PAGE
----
Emotions & Energy
In humans the fundamental mechanisms of the mind include emotions. It is interesting to observe which role the emotions play in human IS's:
- Pleasure, happiness: We reached an objective.
- Triumph: We reached our objective, even though another IS tried to prevent it.
- Admiration: Another IS always reaches its objective, seen positively.
- Friendliness: toward another IS which many times assists us in reaching our objectives.
- Love: of nature, life, of all that permits us to reach our objectives.
All this, in humans and some higher animals is accompanied by biochemical reactions that sometimes hinder serene thought. So it seems that emotions are an indicator showing whether we have reached our objectives or not, or that another IS has reached its objectives or not.
- Annoyed/mad: We did not reach an objective.
- Frustration: We did not reach an objective, even after various attempts.
- Sadness: We are aware of a situation, or of another IS, which in the past made it easier to reach our objectives, that does not exist anymore.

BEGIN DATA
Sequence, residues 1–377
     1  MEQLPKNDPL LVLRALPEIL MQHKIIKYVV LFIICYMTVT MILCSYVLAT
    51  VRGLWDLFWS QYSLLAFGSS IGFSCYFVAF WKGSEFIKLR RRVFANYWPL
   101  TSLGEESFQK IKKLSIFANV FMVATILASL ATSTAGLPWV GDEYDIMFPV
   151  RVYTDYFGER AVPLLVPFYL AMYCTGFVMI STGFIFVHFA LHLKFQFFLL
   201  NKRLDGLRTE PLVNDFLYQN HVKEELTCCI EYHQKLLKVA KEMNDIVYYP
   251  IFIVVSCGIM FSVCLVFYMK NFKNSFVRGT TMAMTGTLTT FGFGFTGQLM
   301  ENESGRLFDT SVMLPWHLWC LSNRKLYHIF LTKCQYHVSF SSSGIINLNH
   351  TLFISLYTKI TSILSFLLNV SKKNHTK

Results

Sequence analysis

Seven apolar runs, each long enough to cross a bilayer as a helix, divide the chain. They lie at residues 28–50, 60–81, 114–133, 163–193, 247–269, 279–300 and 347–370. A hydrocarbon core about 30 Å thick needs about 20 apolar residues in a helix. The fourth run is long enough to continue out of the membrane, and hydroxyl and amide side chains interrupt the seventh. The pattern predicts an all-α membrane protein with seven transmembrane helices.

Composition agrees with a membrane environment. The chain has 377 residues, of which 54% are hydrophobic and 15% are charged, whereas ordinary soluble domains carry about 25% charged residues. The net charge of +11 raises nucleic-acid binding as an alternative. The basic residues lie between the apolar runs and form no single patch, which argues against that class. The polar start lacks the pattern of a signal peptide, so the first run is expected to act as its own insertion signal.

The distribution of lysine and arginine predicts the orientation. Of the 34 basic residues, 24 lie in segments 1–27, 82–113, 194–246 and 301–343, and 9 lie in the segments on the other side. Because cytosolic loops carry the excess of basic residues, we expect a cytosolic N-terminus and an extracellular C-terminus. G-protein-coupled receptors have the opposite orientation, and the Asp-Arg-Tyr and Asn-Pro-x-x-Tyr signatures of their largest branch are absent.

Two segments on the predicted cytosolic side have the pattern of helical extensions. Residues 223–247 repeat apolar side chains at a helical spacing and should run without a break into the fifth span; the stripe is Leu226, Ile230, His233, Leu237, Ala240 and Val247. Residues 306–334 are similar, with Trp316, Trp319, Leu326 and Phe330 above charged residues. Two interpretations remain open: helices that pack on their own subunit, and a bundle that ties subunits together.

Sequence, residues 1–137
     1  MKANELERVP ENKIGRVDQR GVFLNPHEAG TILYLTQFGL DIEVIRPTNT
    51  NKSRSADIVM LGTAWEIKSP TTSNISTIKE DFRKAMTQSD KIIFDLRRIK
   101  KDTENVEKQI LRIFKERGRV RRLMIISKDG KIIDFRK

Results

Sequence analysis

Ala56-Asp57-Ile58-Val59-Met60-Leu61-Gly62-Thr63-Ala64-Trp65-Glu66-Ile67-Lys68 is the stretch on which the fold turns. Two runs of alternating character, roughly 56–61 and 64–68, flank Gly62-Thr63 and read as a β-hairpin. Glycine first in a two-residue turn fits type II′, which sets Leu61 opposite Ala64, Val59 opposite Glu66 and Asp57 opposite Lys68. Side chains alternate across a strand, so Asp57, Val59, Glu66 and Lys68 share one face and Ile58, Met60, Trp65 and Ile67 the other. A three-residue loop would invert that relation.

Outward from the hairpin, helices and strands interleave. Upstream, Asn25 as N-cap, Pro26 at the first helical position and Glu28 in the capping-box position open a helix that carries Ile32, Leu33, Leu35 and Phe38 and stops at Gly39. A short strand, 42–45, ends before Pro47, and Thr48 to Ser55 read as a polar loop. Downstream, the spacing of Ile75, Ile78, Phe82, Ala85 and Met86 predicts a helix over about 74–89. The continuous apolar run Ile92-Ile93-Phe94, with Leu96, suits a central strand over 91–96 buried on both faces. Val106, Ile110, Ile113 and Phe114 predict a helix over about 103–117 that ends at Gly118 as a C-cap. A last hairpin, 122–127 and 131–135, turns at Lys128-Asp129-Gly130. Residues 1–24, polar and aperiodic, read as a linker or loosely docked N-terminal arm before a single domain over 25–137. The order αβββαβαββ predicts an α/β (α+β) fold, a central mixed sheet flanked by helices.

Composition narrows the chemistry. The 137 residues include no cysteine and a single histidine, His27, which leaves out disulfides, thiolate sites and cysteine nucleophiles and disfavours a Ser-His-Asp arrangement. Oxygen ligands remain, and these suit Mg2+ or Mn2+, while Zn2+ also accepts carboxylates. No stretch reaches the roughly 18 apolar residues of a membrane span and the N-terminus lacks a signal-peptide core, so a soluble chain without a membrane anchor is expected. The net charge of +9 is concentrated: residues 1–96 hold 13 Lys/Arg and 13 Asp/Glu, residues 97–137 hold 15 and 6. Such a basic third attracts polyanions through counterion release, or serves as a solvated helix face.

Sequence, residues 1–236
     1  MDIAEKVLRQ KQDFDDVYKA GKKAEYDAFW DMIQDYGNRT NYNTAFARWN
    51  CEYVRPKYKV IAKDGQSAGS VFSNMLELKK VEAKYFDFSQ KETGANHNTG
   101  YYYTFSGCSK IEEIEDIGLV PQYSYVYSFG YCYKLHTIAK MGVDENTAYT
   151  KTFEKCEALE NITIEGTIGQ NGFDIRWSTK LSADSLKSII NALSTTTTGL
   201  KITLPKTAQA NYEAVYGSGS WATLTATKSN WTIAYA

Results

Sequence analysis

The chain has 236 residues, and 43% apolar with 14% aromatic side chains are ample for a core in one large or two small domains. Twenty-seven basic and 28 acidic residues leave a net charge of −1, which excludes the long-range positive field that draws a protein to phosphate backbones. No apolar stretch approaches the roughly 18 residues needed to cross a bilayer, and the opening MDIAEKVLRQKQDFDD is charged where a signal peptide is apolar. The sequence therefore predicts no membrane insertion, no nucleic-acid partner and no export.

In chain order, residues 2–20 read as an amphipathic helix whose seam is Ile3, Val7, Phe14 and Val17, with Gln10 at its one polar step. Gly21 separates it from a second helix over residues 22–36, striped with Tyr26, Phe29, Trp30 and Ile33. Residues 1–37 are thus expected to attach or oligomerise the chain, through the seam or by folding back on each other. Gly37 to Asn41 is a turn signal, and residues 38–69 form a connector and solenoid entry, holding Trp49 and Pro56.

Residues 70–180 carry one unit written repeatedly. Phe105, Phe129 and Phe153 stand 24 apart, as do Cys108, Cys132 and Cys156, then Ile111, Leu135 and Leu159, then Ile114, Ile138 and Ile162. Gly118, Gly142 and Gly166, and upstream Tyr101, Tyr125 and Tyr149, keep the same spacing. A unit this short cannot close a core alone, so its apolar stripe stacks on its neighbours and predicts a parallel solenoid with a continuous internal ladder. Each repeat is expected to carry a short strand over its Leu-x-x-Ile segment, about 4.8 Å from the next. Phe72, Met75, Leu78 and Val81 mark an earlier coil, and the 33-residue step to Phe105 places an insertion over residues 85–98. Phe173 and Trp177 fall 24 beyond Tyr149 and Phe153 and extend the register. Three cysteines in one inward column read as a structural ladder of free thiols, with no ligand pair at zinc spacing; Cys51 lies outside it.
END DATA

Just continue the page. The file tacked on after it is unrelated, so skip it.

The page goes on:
- Hate, resentment, hostility: of another IS that continuously hinders us in reaching our objectives.
- Envy: Another IS always reaches its objective, seen negatively.
- Despair: We realize that we are not able to reach our objective.
- Depressed: In the recent past, we did not reach most objectives.
Emotions are contagious. Emotions that we note in our environment produce in ourselves the same emotion. For an optimum working of the brain on the long run, it seems that it should have more positive than negative emotions. If a human is surrounded by an environment continuously filled with predominantly negative emotions, it cannot function well; it suffers from emotional pollution of the environment.
To function, an IS needs energy. Humans are IS's and, therefore, they need energy. An example of a formula for this needed energy could be:
- C = E0/t + E1/t
- C = Consumption of energy, measured in Kcal/sec
- E0 = Energy consumed at rest, measured in Kcal
- E1 = Additional energy needed to think and act. (Thinking needs a considerable amount of energy--just observe the size of the arteries going to the brain!)
- t = time interval
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